How to Create a Culture of Connection in a Hybrid Work Environment

What happens now?

The last year and a half has been a waiting game. Waiting for the pandemic to subside, waiting to see our friends, family, and coworkers and waiting to get back to normal. Now, even when it seems the waiting may be over, what we once considered normal is nowhere to be found.

Rather than going back to what once was, we are entering a new era of work. According to PwC’s recent report, It’s time to reimagine where and how work will get done, the majority of companies are ready to adopt a hybrid work model where employees split time between working remotely and in the office.

While this new approach offers benefits for employers and employees alike, there is one caveat – culture. If organizations are not careful, hybrid work has the potential to disrupt the human connection, engagement and sense of belonging that leaders have been working years to achieve.

To ensure that doesn’t happen, here are six strategies to keep your culture of connection alive – whatever your return-to-work plan looks like.

ONE Double down on human connection

Human connection is the heartbeat of your business. Ensure employees feel equally connected wherever they are. The pandemic highlighted just how important employee wellbeing is – both for individuals and the bottom line. New research outlined in the report, One Year Into COVID: The Pandemic’s Impact on How We Work, reveals workers are feeling more anxious (37%), isolated (31%), overwhelmed (28%), and less motivated (24%). So, what caused this strain? By an overwhelming margin, 59% of those surveyed cited “less human connection” as the culprit.

Feeling connected to your organization and fellow humans is key to creating a strong workplace culture. Whether employees are in the office, remote, or a mix of both, leaders need to foster belonging throughout the organization. Here are a few ways you can strengthen a sense of connection:

Virtual happy hours or lunches

These are great for off-the-clock connection-building.

Mentor-mentee programmes

Try pairing up those newly employed during the pandemic with veteran employees to gain a better understanding of each other’s experiences. Or think about matching remote or dispersed employees with those working in the office to fuel unlikely bonds.

Employee resource groups (ERGs)

A network of employees with shared experiences, characteristics, or goals can help form authentic relationships among employees up and down the organization. Groups created by and for your people improve company culture while building camaraderie.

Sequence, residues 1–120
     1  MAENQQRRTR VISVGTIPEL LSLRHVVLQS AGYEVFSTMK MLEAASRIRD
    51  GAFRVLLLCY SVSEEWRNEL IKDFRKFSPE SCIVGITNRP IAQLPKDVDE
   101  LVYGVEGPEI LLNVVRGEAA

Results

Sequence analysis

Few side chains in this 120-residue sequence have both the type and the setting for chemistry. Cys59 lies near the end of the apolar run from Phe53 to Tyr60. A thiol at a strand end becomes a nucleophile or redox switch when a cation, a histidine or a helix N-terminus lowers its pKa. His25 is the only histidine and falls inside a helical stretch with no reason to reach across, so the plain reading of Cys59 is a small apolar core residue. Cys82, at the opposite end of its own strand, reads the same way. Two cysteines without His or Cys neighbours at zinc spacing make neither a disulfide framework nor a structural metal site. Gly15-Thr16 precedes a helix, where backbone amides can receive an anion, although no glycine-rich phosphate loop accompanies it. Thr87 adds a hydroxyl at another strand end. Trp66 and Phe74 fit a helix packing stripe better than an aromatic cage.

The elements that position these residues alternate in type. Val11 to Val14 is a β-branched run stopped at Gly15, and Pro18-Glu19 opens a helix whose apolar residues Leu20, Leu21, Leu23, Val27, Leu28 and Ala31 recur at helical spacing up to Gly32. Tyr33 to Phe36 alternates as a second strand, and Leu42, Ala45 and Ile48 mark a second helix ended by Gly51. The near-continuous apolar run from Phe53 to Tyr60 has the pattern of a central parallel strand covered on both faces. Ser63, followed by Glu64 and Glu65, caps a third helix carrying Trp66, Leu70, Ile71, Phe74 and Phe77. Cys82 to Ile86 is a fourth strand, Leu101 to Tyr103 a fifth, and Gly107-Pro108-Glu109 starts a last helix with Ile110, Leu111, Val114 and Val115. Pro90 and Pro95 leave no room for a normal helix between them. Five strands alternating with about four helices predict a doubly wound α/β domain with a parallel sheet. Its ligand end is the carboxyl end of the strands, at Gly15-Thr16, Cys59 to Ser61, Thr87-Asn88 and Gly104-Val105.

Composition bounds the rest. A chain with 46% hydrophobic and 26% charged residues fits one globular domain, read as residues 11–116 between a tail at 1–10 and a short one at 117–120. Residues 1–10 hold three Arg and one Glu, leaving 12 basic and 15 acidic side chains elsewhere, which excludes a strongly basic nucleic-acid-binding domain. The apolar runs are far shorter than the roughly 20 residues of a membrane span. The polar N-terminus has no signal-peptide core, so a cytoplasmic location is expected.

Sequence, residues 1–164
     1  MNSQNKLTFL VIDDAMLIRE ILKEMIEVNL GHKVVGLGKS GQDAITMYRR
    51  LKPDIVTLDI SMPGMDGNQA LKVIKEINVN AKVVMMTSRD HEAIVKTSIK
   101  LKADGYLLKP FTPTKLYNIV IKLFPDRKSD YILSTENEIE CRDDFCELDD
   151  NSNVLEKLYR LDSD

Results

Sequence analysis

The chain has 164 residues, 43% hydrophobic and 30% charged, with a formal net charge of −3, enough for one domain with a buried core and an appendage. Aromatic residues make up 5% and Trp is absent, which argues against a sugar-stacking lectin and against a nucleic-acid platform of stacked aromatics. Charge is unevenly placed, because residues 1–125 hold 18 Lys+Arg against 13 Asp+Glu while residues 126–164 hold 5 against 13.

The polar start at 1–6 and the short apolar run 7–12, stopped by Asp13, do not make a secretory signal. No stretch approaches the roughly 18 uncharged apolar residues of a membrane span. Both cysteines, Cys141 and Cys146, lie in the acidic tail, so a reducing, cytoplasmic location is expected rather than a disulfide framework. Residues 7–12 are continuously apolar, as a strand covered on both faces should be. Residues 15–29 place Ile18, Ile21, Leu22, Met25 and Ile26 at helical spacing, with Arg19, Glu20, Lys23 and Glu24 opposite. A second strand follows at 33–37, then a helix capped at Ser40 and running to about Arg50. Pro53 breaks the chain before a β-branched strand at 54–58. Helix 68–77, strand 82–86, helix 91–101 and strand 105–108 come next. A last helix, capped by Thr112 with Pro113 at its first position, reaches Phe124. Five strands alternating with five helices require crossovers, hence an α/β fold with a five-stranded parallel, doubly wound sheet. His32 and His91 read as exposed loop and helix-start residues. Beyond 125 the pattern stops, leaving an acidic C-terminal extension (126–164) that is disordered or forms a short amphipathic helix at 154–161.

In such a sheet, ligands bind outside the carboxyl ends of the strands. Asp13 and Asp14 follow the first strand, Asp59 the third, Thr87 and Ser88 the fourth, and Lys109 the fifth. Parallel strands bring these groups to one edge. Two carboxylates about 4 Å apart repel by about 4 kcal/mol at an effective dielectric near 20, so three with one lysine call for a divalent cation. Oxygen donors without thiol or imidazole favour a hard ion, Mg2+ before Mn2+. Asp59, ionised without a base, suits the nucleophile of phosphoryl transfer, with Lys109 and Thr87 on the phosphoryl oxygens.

Another surefire way to cultivate human connection is through employee recognition. With the help of an employee recognition solution such as Workhuman’s Social Recognition®, organizations can better show their commitment to connection and authenticity.

TWO Listen and learn and then listen some more

No one has all the pieces to the hybrid work puzzle. Listen to what your employees want – and need – from the company in order to continue doing their best work. The more supported they feel, the better work they will produce, regardless of where they are working.

Leading your team with empathy – whether from across the office or across the country – is key to sustaining an effective workplace culture. By putting yourself in the shoes of your employees – while considering that every individual has unique needs and desires – you can create a more authentic environment for both remote and in-person employees.

An empathetic leader understands that the next few months will consist of lots of changes. Employees hired during the pandemic will likely take their first steps into the office. Organizational structures have changed, protocols will be developed and adjusted, and meetings will be a mix of people in a conference room and employees dialing in from home.

Leaders should be aware that these changes will affect everyone differently. Consider implementing monthly employee surveys to gauge the pulse of your people. If something is working well, great. And if something isn’t, adjust it and keep moving.

Unsure how to create an effective employee pulse survey? Check out Moodtracker®, the free tool from Workhuman® that makes it fast, easy, and actionable to get to the heart of organizational issues.

THREE Inspire shared purpose around core values